As a former veterinary practice owner and hospital administrator, I know it is expensive to order, log, count, and dispense controlled substances. All this is exacerbated further by a multitude of complex regulations and their effect on overhead costs. For example, most primary care practices spend approximately 1.5 hours daily to manage their controlled substances, while most 24-7 specialty and emergency facilities take about four to five hours every day. That’s a fair amount of time considering all that needs to get done in a day.
Why does it take so long?
Controlled substances regulations are complicated, sometimes contradictory, and confusing. They also pose one of the biggest risks in your practice when they’re not followed properly. Whether at the federal (21 CFR 1300-End) and/or state level, you are required to know and comply with extremely stringent regulations. You also may be subject to controlled substances regulations implemented by your state pharmacy board or your state veterinary board.
Just knowing where to look and who to call can mean days of frustrating research. With civil and criminal penalties ranging from a letter of admonition, to monetary citations, to permanent loss of your license, it is imperative you know which regulations you are required to follow to minimize your risk. One of the most important things to remember is that your controlled substances, logs, and corresponding documentation must always be kept secure, current, complete, and accurate.
Keeping your supplies stocked is also time-consuming. When ordering your Schedule II controlled substances on the Drug Enforcement Administration’s (DEA’s) Form 222, you must follow the instructions closely, spell each drug correctly, and include the manufacturer’s exact strength and quantity precisely as written on the bottle, all within the confines of very small lines. Any mistake or sign of alteration on the form can cause the distributor to refuse your order.*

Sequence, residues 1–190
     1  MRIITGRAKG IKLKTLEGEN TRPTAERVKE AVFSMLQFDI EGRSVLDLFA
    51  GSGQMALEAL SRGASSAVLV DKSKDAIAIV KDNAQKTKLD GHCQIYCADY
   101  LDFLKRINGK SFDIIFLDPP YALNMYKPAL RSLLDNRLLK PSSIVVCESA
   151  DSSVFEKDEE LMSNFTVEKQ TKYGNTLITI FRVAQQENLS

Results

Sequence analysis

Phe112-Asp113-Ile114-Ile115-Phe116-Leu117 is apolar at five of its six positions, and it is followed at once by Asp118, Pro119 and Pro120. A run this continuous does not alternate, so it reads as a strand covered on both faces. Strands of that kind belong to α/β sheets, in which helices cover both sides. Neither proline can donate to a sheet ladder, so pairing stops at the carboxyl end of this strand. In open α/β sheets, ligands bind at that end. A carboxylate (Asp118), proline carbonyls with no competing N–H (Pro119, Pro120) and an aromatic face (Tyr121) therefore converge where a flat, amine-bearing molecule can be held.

One way you can save time and decrease frustration is by ordering Schedule II controlled substances electronically through the DEA’s Controlled Substance Ordering System (CSOS) secure network. To do so, registrants must obtain a digital certificate from the DEA. For more information on CSOS, visit deaecom.gov.
Schedule III, IV and V controlled substances can be ordered directly from your regular distributor. Price-shopping distributors to determine which offers the lowest price is an important part of inventory control. Finding the lowest prices helps decrease the second-largest expense in your practice, but spending all that time online or on the phone can keep you from seeing patients to increase your revenue! As they say, time is money. But you didn’t go to school to practice paperwork and neither did your technicians! So, what is the solution?
Make a profit by managing controlled substances
There are numerous ways to not only cover your controlled substances expenses, but make a profit from them! Let’s look at just a few.